These aren't of the scale of the $50 billion that Bernard Madoff is alleged to have lost, but hundreds of millions of dollars have vanished. Officials point to the cases of Arthur G. Nadel in Florida, Joseph S. Forte in Philadelphia and James Ossie in Atlanta as among the most notable allegations.
Call them mini-Madoffs.
"With the economic downturn that we are experiencing, Ponzi schemes are just crashing," said Stephen Obie, acting director of enforcement at the Commodity Futures Trading Commission.
Officials say it doesn't necessarily mean more scams are occurring, it just means that more are being exposed as scams.
The commission said the number of tips to the agency has doubled since July. In the last 12 months, it has filed 15 cases and Obie expects that to rise by 25 percent in the coming months.
"These schemes rely on new people to be found and people aren't investing. People are hurting. And because people are hurting, they are seeking redemptions from what they think are these legitimate schemes," Obie said. "Between not having new investors and having old investors redeem, the Ponzi schemes are just collapsing."
The most recent case to come to light involves Nadel, a Florida hedge fund manager who has been missing for more than a week and was charged Wednesday with misleading investors.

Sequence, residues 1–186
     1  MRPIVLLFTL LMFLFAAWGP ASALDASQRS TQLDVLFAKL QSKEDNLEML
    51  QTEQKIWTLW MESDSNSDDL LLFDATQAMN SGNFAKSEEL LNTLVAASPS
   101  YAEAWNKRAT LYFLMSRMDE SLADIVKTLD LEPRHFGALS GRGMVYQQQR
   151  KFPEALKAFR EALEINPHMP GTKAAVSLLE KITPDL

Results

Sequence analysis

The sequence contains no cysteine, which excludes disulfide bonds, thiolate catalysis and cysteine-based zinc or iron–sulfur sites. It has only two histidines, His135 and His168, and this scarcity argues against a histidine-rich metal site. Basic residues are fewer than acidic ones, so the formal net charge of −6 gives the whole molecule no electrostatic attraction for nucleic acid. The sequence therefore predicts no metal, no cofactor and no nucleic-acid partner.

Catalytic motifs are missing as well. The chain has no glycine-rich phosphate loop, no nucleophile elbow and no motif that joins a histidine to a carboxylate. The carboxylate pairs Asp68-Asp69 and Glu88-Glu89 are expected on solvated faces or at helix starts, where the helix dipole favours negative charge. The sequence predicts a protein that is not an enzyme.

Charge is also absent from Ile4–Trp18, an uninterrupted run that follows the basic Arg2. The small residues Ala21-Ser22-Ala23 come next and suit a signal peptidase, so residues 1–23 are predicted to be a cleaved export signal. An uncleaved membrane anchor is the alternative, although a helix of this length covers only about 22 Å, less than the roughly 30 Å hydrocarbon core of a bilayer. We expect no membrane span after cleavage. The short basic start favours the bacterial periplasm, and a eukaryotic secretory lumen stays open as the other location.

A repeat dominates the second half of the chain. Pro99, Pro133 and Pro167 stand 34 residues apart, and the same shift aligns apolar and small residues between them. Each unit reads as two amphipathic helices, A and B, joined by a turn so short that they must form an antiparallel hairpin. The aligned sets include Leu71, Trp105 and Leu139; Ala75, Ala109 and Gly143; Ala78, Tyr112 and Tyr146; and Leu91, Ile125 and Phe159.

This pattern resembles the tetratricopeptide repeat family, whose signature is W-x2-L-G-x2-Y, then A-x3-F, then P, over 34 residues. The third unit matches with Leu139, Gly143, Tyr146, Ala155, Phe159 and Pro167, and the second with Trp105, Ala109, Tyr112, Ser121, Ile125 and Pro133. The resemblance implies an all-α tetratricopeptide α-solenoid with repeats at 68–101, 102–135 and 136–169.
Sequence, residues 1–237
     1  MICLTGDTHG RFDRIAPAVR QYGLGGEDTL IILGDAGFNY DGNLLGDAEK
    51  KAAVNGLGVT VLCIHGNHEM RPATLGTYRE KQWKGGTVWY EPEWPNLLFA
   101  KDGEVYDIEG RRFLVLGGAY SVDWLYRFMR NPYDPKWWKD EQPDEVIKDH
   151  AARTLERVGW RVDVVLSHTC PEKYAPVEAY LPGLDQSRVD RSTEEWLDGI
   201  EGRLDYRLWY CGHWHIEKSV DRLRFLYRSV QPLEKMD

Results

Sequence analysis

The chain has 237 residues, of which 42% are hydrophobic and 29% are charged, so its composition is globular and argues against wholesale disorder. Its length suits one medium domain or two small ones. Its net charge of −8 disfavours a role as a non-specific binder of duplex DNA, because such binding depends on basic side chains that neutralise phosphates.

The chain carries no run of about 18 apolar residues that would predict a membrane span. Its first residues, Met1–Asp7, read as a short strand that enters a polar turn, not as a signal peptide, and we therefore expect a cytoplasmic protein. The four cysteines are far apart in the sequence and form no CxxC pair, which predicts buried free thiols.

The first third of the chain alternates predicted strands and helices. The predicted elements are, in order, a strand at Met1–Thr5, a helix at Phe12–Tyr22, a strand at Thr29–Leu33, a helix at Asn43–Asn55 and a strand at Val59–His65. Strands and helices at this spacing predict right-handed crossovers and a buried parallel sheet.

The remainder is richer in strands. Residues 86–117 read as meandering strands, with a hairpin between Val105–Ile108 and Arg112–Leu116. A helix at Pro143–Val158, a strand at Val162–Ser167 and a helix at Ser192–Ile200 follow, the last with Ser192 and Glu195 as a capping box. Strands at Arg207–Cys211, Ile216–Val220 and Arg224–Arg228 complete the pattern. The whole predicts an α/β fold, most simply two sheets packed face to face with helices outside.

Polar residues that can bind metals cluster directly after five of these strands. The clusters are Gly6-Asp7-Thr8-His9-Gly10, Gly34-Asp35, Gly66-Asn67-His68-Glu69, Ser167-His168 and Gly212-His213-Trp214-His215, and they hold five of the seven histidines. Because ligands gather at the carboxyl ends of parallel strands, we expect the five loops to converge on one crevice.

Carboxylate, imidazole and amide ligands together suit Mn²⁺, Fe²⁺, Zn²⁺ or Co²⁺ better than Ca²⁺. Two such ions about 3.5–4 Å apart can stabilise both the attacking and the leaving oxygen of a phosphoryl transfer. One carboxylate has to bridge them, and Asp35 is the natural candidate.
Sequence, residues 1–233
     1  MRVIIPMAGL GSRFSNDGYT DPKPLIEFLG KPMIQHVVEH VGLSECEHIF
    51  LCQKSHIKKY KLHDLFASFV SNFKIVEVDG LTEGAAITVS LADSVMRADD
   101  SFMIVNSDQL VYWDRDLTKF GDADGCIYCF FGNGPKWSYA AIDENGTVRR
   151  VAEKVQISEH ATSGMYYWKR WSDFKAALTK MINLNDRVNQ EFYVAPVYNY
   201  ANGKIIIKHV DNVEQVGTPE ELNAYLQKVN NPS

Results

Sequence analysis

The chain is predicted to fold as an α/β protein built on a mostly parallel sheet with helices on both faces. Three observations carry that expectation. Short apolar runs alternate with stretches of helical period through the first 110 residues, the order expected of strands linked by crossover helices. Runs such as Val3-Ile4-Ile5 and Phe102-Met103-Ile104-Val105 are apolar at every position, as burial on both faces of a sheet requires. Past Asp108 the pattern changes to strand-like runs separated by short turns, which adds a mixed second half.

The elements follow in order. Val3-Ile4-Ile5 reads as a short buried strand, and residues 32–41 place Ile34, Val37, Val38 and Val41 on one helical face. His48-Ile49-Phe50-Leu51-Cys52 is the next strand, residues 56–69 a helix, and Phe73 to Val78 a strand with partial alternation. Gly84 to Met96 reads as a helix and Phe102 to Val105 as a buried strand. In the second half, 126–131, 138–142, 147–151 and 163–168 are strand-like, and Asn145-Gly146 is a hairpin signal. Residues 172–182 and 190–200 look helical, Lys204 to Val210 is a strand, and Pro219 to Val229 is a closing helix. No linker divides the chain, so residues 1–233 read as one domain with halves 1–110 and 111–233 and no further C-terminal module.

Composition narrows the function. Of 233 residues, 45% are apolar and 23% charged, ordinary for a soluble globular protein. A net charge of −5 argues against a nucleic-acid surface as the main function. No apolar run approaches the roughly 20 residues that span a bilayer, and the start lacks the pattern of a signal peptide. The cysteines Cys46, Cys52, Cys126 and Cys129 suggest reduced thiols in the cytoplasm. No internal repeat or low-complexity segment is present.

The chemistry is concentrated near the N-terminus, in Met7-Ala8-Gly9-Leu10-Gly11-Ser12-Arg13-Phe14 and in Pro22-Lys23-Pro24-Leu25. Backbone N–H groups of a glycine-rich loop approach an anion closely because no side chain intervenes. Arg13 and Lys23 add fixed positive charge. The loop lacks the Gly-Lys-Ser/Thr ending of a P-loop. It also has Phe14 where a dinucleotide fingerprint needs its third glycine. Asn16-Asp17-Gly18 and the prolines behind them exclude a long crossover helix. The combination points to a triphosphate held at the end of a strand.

After the 76-year-old Sarasota-based manager's disappearance, hundreds of investors learned that $300 million of their money was gone, too.
Nadel left a suicide note at his home in which he described "extreme guilt" over losing other people's money. However, his car was found at a Sarasota airport and officials believe he planned his disappearance.
The Securities and Exchange Commission said Nadel recently transferred at least $1.25 million to secret bank accounts that he controlled.
It is quite a downfall for a man named "America's Top Ranked Money Manager" in 2003 by The Wall Street Digest, an investment newsletter.
"The community is very shocked, obviously," said Gordon Garrett, a friend of Nadel's and president of the Jazz Club of Sarasota. "Art and his wife Peg have been very prominent members of our community, very involved with the arts."
Garrett didn't have any money invested with Nadel's company, Scoop Management, but his group does not need to cancel eight concerts that Nadel had promised to sponsor.
Things are a little bit more grim at the local YMCA.
Neil Moody, who was a general partner in some of Scoop Management's funds, donated $1.12 million to the YMCA Foundation of Sarasota. That money makes up about 13 percent of the group's $8.6 million endowment.
Moody's first gift came in 2005 and he insisted that it be invested with one of Nadel's funds, Valhalla Management.
"The fund did not meet our investment guidelines, so he made a personal guarantee that it have a return of 10 percent, per annum," foundation president Karin Gustafson said. "He believed that that fund could outperform any other funds that were being managed for us."